The Science Journal of the American Association for Respiratory Care

2003 OPEN FORUM Abstracts

HOW SEVERE ACUTE RESPIRATORY SYNDROME (SARS) CHANGED RESPIRATORY THERAPY PRACTICE

1. Mary Dawson, RRCP/RRT (C), (A) Charge Therapist Emergency Department, Medical/Surgical Units

2. Cynthia Harris RRCP/RRT Charge Therapist Adult ICU Department of Respiratory Therapy Mount Sinai Hospital 600 University Avenue Toronto, Ontario, M5G 1X5 Ph: 416-586-5009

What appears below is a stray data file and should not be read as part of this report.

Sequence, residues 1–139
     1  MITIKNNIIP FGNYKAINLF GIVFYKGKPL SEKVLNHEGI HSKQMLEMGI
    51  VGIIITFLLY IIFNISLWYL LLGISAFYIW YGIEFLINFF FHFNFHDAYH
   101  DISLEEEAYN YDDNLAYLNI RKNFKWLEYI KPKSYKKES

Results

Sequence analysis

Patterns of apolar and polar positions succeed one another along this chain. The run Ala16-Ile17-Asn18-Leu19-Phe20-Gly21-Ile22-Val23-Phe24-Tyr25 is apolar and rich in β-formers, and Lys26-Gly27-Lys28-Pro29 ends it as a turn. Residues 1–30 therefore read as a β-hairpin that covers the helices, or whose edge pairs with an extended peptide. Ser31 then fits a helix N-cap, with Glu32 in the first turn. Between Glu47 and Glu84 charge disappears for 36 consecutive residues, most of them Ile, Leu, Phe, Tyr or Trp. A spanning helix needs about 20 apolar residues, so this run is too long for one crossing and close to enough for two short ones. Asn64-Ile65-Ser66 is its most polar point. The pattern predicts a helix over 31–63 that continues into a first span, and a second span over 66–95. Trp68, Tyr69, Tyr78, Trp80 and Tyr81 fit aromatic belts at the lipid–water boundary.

Mount Sinai Hospital is a university-affiliated teaching hospital and tertiary referral center for ARDS pneumonia. In March 2003, the Respiratory Therapy Department at MSH was brought to its knees by a new, previously unknown virulent virus: Severe Acute Respiratory Syndrome "SARS". SARS is known to be highly infectious and it is thought that the virus is spread by contact with droplets or by contact with objects contaminated by respiratory secretions. SARS is unique in that it spreads rapidly and large numbers of health care workers have been infected. One of the first SARS patients in Canada was transferred to our ICU and within 48 hours 65 ICU staff (RN, MD, RRCP) were exposed and sent home quarantined. A number of them went on to develop SARS. All respiratory related practice had to be reviewed and change needed to be implemented immediately. The purpose of this poster is to describe one department's experience with the challenges represented by a major infectious outbreak. Some of those challenges were environmental (isolation of all patients, hospital lockdown), therapeutic/practice changes (how to humidify oxygen, ventilation, how to perform high-risk procedures safely), human resource issues (short-staffing due to quarantines) and psychosocial issues (morale, fear of becoming ill). Despite unprecedented staffing shortages, immense fear of the unknown and hourly protocol changes, the department rose to the challenge, worked as a team and survived one of the most incredible experiences in the history of this hospital and city.

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